Eventually, I was offered another position in a department that studied owls. After monkeys, who were practically human, I was afraid that working with owls might be boring. Back then I ignorantly thought, as many people do, that they were "just birds." They seemed aloof, and I knew little about them beyond the fact that they flew around at night. How interesting could that be? The only owls I had ever been around were in my grandmother's massive owl figurine collection, and I figured real owls were probably not too different. But the owl job was full-time and I really needed the money. Plus it offered opportunity to participate in research. It was a plum position for a young biologist because I could learn so much from those around me.
I accepted the owl job, and within six months grew to love these emotional, sassy little creatures as much as did the distinguished scientists who had been working with them for years.
"Stacey," said Dr. Ronan Penfield, one of the scientists, "the zoos and other institutions are overwhelmed with owls that can't go back to the wild, and this owlet needs placement. Taking him home would be a perfect opportunity for you to do a long-term, deeper study of an owl on a level that's just not possible in a purely academic setting."
"You mean I should adopt him?"
"That's exactly what I mean. Since his eyes are still closed, he will imprint on you if you take him right away, and you could make observations, record his sounds and behaviors..."
I was both thrilled and terrified by this opportunity -- scared by the enormous responsibility I would assume for this young life. I stared at Dr. Penfield to see if he was serious.
"...you may discover some things up close that we have not observed from a distance. I think this would be a beneficial study for our overall understanding of barn owls. You could keep us informed of your findings all along."
In spite of my fears, I wanted to leap across the desk, grab him by the shoulders, and shout, "Yes, I'll do it!" Instead I took a deep breath and tried to sound professional.
"I'll need to make some arrangements, but I would love to take him."
I was about to live with and raise one of the most beautiful animals on earth. Barn owls are quite different from all other owls. They are in a completely separate family called Tytonidae, while all other owls of the world are in the family Strigidae, meaning "typical owls." I was fascinated by all owls, but to have the chance to get to know the only representative of the nontypical owls that exist on the North American continent was very exciting.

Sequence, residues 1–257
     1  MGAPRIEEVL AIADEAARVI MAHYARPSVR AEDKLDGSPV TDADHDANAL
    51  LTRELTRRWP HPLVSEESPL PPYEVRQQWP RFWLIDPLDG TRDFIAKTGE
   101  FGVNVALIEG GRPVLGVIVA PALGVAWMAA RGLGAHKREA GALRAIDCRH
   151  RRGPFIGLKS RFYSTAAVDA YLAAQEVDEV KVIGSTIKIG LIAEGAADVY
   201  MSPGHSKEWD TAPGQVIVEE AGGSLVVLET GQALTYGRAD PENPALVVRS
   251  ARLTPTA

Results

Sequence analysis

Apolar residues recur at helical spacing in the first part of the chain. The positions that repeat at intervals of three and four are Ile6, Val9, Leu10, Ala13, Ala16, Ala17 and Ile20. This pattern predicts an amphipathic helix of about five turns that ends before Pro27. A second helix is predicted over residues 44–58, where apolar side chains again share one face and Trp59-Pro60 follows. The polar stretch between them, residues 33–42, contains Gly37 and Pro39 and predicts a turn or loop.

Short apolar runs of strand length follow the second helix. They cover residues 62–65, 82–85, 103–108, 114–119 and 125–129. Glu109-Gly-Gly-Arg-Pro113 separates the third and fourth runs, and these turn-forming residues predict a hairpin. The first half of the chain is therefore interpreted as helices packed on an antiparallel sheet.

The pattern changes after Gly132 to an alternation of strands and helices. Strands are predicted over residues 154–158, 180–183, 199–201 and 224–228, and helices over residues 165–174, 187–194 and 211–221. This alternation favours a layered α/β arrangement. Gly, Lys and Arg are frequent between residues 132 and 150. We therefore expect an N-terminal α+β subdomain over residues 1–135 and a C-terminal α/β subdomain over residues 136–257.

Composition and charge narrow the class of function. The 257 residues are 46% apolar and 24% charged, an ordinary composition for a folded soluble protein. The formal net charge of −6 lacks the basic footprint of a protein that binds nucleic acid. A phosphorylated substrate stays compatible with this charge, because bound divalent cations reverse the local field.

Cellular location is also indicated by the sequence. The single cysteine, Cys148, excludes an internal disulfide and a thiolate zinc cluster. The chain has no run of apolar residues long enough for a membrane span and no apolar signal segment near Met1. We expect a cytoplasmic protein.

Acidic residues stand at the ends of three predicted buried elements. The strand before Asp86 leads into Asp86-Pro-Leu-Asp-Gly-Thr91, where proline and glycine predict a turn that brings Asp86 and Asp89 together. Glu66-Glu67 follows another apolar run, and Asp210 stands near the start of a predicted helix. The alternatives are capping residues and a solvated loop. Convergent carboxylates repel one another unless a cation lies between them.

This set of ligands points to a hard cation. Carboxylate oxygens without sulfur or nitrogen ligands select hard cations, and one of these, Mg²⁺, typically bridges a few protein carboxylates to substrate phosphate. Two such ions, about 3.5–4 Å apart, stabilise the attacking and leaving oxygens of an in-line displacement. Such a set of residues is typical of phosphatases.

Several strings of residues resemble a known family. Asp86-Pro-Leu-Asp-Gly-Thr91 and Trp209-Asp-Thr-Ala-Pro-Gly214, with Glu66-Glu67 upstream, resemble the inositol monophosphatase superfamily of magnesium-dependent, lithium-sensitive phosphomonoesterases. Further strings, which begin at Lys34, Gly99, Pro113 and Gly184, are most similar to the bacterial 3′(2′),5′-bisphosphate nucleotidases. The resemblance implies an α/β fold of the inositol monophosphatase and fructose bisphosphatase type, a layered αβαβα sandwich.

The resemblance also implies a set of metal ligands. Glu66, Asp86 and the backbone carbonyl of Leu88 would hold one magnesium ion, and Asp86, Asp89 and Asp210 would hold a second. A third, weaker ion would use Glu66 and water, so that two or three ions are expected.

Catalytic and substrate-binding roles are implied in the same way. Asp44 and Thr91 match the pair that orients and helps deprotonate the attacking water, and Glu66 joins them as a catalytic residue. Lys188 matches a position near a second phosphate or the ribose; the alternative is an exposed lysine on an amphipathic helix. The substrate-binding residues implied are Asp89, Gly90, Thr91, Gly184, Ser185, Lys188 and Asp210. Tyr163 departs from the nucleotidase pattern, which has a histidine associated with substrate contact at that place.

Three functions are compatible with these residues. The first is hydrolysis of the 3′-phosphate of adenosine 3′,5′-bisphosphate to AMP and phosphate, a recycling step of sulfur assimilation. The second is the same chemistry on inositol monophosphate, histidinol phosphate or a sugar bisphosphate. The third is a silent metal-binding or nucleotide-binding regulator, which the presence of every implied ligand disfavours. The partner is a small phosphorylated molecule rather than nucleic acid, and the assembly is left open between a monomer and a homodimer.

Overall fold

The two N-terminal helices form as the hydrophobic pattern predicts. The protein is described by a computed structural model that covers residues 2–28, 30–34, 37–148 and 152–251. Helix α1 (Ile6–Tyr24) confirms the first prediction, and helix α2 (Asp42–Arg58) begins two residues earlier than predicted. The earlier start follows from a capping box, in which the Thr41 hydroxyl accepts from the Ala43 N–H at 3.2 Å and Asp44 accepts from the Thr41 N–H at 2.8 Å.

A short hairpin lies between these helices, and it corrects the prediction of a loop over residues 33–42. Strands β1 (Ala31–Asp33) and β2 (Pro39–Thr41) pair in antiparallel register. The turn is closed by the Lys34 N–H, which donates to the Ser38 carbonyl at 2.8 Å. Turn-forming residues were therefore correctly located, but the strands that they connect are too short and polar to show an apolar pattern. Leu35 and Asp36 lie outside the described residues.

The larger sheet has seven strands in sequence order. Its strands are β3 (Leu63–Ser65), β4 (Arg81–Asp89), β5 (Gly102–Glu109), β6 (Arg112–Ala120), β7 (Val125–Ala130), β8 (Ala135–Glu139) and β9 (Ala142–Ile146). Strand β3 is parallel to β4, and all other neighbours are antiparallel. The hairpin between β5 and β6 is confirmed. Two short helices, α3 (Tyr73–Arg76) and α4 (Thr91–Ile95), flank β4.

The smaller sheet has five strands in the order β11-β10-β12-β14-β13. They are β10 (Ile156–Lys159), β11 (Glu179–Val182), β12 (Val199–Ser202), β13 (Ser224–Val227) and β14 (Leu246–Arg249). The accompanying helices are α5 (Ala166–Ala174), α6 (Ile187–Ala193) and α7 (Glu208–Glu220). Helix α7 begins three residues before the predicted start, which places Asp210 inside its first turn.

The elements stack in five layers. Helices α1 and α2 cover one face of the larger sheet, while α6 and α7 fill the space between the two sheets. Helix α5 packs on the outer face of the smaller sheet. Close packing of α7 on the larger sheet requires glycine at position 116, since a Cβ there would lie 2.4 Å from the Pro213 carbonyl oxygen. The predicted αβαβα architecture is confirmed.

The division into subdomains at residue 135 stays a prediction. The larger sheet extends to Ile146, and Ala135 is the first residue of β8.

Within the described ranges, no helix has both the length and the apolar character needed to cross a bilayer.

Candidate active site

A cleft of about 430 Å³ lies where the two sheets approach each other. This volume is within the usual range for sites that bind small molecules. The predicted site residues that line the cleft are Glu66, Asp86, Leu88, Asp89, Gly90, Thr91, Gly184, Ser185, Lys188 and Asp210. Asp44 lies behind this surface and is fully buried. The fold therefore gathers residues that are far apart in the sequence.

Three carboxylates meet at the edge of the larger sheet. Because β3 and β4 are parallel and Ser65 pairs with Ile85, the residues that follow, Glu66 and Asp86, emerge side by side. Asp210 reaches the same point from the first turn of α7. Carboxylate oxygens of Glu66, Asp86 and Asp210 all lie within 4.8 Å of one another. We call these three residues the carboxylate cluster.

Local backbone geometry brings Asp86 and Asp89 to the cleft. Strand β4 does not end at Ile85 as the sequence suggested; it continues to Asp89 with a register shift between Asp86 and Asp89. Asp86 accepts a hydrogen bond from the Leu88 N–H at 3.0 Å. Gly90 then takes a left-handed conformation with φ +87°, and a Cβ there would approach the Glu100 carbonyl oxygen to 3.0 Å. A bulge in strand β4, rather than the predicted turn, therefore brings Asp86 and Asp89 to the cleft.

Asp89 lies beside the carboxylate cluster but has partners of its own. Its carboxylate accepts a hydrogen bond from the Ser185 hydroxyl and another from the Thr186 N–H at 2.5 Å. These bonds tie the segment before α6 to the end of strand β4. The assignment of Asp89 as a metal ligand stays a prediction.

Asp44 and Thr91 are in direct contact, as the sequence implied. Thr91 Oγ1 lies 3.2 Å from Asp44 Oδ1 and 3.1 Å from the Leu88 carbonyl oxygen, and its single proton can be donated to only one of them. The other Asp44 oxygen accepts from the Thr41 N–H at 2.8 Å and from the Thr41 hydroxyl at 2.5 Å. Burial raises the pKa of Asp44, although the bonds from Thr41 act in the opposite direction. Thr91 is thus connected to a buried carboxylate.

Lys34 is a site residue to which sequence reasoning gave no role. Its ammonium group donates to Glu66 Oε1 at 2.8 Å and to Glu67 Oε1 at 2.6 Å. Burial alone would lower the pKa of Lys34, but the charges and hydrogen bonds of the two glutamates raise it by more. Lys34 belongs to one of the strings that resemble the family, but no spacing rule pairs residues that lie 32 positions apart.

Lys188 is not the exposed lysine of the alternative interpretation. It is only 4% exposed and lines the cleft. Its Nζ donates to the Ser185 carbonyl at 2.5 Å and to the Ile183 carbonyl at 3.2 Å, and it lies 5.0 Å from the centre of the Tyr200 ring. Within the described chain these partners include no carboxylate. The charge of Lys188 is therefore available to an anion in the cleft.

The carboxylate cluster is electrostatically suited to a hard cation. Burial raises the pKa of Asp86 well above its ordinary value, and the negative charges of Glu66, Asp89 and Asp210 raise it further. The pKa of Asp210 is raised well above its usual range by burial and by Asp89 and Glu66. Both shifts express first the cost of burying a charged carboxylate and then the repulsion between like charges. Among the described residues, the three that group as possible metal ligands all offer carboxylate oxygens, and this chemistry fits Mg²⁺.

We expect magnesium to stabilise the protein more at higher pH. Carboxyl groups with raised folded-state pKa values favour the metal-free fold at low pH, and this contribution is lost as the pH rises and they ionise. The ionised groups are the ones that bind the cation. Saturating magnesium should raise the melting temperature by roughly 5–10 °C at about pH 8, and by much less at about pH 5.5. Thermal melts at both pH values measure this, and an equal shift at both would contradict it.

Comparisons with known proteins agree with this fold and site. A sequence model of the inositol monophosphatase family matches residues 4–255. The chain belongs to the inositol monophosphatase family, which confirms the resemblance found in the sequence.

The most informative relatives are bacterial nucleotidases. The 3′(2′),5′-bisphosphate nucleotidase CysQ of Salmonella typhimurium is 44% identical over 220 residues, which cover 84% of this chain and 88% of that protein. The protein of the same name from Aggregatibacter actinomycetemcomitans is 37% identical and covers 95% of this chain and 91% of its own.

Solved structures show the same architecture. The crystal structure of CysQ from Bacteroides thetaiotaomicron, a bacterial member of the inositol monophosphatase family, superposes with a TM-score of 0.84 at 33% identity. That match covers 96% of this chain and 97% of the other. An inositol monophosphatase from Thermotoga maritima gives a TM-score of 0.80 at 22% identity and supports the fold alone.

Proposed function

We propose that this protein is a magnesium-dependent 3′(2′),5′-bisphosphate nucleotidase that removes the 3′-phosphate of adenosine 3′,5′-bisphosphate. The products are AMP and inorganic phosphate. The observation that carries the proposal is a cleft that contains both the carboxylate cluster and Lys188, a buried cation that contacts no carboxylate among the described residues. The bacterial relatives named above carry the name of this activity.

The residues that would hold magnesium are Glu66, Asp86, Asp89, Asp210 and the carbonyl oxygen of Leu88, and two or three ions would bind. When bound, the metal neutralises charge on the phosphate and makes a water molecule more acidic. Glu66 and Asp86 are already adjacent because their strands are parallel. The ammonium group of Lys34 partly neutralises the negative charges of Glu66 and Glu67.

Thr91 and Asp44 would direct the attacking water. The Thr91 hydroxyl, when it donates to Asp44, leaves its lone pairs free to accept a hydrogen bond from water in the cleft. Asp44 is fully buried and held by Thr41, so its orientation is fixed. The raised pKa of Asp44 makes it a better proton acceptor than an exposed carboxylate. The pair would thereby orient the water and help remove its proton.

The first bird, Archaeopteryx, began to appear in the fossil record during the Upper Jurassic period, around 155-150 million years ago. It had some dinosaur-like characteristics but was still clearly a bird. From then on, birds diverged, and owls would appear much later. My owlet was a bit of living history.
It's estimated that barn owls first started to appear in the fossil record during the Paleocene age (57.8-65 million years ago). The modern barn owl, Tyto, appeared around the middle of the Miocene period (5.3-23.7 million years ago) and diversified into various species during the Pliocene (1.6-5.3 million years ago) and Pleistocene (0.01-1.6 million years ago) periods. Wesley's species, Tyto alba, started showing up in the fossil record during the Pleistocene. Although owls are sometimes included in discussions of raptors, the truth is they are thought to be more closely related to nightjars than to diurnal (daytime) birds of prey (Falconiformes). Nightjars, which include whippoorwills, actually look like some kind of missing link between a regular bird and an owl.
Before I worked with owls I had never even heard of nightjars, and I used to skip over the parts of books that discussed how many millions of years ago an animal appeared on the world stage. But once I had my owl, this information became fascinating to me. His "tribe" had been here, probably living very close to where we were at that moment, for some 1.6 million years. What really blew my mind was that, in all that time, every single one of his ancestors had successfully bred and had a baby survive to breed. For 1.6 million years. There wasn't a single break in the chain, or he wouldn't have been here. Of course, this is true for every one of us who is on the planet -- which seems like an incredible miracle.
Copyright © 2008 by Stacey O'Brien
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No Man's Land
by Simon Tolkien
Inspired by the experiences of his grandfather, J. R. R. Tolkien, during World War I.
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